Majorana, Alessandra and Cagetti, Maria Grazia and Bardellini, Elena and Amadori, Francesca and Conti, Giulio and Strohmenger, Laura and Campus, Guglielmo Giuseppe (2014) Feeding and smoking habits as cumulative risk factors for early childhood caries in toddlers, after adjustment for several behavioral determinants: a retrospective study. BMC Pediatrics, Vol. 14 (45). eISSN 1471-2431. Article.
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Background: Several maternal health determinants during the first period of life of the child, as feeding practice, smoking habit and socio-economic level, are involved in early childhood health problems, as caries development. The potential associations among early childhood caries, feeding practices, maternal and environmental smoking exposure, Socio-Economic Status (SES) and several behavioral determinants were investigated.
Methods: Italian toddlers (n = 2395) aged 24–30 months were recruited and information on feeding practices, sweet dietary habit, maternal smoking habit, SES, and fluoride supplementation in the first year of life was obtained throughout a questionnaire administered to mothers. Caries lesions in toddlers were identified in visual/tactile examinations and classified using the International Caries Detection and Assessment System (ICDAS). Associations between toddlers’ caries data and mothers’ questionnaire data were assessed using chi-squared test. Ordinal logistic regression was used to analyze associations among caries severity level (ICDAS score), behavioral factors and SES (using mean housing price per square meter as a proxy).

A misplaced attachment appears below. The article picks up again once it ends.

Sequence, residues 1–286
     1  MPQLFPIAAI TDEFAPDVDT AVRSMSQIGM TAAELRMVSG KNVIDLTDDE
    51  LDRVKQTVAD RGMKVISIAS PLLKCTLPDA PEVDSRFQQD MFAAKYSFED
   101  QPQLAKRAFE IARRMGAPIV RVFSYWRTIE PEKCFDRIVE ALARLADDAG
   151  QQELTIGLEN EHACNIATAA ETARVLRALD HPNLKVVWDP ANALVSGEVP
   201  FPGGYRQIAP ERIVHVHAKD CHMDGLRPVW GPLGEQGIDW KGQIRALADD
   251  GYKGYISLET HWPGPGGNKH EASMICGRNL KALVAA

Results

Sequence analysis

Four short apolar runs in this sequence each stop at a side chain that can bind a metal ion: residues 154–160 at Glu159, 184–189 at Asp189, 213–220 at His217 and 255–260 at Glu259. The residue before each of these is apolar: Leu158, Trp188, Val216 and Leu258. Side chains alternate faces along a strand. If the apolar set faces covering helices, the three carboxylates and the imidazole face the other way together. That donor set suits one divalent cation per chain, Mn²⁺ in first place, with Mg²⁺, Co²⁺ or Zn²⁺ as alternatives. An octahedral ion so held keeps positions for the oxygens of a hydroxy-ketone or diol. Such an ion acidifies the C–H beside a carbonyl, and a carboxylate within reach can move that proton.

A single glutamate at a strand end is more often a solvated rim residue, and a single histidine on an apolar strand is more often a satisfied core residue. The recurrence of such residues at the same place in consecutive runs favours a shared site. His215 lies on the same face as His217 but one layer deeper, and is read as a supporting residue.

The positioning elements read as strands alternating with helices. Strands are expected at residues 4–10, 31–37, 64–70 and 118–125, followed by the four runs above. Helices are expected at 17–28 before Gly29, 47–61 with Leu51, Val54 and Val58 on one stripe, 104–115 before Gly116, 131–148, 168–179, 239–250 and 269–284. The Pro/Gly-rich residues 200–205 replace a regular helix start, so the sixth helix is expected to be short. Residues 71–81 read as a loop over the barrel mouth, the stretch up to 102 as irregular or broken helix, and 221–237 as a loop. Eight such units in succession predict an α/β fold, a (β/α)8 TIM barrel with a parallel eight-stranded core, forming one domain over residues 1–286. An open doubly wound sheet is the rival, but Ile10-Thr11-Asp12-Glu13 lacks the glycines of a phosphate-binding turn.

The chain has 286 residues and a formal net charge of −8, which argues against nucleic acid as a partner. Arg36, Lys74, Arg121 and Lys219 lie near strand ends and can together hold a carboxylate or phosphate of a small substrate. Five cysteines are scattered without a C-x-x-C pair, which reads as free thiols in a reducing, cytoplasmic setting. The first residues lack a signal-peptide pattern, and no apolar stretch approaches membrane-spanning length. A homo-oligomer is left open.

Results: Caries prevalence and severity levels were significantly lower in toddlers who were exclusively breastfed and those who received mixed feeding with a moderate–high breast milk component, compared with toddlers who received low mixed feeding and those exclusively fed with formula (p < 0.01). No moderate and high caries severity levels were observed in an exclusively breastfed children. High caries severity levels were significantly associated with sweet beverages (p < 0.04) and SES (p < 0.01). Toddlers whose mothers smoked five or more cigarettes/day during pregnancy showed a higher caries severity level (p < 0.01) respect to those whose mothers did not smoke. Environmental exposure to smoke during the first year of life was also significantly associated with caries severity (odds ratio =7.14, 95% confidence interval = 6.07-7.28). No association was observed between caries severity level and fluoride supplementation. More than 50% of toddlers belonging to families with a low SES, showed moderate or high severity caries levels (p < 0.01).
Conclusions: Higher caries severity levels were observed in toddlers fed with infant formula and exposed to smoke during pregnancy living in area with a low mean housing price per square meter.
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